Electrification has already started to have a noticeable impact on the global automotive industry. As a result, the drivetrains of hybrid (HEV) and full electric vehicles (EV) are facing many challenges, like increased requirements for NVH in high speed e-Drives and the need for performance improvements to deal with recuperation requirements. Motivated by the positive validation results of surface densified manual transmission gears which are also applicable for dedicated hybrid transmissions (DHTs) like e-DCTs, GKN engineers have been looking for a more challenging application for PM gears within those areas.
This paper presents how low pressure carburizing and high pressure gas quenching processes are successfully applied on internal ring gears for a six-speed automatic transmission. The specific challenge in the heat treat process was to reduce distortion in such a way that subsequent machining operations are entirely eliminated.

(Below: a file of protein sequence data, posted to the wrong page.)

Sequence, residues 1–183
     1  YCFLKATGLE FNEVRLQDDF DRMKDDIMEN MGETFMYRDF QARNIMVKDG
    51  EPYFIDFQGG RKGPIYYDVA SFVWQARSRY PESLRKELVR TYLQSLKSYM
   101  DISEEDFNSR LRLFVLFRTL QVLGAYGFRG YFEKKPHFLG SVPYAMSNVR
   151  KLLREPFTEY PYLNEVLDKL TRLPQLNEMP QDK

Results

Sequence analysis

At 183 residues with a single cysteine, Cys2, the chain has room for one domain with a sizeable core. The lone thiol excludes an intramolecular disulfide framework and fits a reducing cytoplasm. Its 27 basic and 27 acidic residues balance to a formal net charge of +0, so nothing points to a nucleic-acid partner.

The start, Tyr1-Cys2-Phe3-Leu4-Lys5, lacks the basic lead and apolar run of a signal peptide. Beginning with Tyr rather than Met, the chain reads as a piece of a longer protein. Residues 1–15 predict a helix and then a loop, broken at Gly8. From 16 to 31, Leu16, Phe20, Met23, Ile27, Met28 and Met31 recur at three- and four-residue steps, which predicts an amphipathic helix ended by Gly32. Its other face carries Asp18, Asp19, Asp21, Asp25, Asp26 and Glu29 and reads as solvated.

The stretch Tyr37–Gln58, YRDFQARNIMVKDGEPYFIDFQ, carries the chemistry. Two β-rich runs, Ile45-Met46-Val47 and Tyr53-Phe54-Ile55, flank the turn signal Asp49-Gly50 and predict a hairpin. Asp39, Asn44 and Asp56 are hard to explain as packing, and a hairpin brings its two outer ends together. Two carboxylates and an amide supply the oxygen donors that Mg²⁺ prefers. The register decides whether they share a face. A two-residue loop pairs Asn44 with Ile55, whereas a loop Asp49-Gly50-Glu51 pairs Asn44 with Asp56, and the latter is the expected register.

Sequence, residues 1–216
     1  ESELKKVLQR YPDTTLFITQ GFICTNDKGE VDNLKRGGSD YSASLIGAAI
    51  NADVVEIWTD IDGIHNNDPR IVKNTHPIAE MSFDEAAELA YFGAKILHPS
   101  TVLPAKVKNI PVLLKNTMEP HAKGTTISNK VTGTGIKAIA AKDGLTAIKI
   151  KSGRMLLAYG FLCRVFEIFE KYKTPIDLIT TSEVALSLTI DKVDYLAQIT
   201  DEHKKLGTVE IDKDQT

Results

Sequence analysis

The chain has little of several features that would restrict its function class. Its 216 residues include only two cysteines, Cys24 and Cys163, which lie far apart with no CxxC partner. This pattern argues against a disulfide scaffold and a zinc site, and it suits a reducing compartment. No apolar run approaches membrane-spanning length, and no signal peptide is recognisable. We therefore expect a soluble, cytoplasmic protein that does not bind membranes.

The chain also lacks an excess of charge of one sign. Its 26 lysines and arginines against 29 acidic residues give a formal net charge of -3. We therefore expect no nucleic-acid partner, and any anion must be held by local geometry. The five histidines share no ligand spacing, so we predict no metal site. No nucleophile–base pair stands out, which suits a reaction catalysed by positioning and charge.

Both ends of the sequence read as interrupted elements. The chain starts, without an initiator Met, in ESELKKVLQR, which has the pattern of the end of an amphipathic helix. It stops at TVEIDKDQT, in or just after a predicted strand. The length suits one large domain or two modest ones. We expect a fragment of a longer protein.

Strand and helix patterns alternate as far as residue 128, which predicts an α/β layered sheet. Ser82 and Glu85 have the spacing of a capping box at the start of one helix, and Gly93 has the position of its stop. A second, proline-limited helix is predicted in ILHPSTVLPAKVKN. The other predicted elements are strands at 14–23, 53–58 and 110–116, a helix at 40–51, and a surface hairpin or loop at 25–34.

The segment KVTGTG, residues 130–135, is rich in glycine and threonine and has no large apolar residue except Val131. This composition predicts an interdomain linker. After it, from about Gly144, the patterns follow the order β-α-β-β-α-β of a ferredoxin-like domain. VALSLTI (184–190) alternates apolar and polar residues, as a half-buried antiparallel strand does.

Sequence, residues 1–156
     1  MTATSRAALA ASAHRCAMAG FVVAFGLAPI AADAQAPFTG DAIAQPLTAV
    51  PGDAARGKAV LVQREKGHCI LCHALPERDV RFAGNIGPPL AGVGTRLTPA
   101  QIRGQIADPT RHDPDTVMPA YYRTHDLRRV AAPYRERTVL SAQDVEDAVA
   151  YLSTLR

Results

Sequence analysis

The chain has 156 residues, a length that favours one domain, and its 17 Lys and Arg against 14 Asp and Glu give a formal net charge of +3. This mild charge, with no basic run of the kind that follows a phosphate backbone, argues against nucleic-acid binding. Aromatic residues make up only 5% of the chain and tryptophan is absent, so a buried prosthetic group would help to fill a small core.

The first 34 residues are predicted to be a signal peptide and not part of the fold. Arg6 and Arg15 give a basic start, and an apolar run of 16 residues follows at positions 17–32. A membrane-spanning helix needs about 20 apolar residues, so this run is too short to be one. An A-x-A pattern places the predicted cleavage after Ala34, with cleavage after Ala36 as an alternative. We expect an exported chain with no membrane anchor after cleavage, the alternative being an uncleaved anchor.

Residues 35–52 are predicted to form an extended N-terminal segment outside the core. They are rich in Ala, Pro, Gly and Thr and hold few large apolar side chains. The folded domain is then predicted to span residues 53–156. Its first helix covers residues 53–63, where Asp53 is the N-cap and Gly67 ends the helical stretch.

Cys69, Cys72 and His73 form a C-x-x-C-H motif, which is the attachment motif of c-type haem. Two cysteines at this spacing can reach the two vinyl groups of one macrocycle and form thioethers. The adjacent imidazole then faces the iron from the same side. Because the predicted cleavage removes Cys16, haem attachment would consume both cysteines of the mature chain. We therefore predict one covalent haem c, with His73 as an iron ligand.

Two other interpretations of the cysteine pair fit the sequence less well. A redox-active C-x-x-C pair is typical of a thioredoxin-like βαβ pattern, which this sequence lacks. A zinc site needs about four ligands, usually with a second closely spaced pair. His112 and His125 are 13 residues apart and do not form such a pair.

Ready or not, QS-9000 is here. If you are a first-tier supplier to one of the Big Three automotive companies, you've already heard that compliance with this new quality standard is now an entry-level requirement for doing business with Ford, General Motors and Chrysler. If you're a second-or third-tier supplier, you can expect the ripple effect of this new standard to hit your company one way or another.
Gear Technology interviews Scott Yoders of Liebherr about the latest gear machining technologies of relevance to automotive manufacturers.
Remembering Panhard and Levassor, the company that invented the first manual transmission.
With increasingly smaller returns from improving the speed of the actual gear grinding process, improving your setup time has become a primary way to keep improving efficiency. Here's the latest on how you can do that today.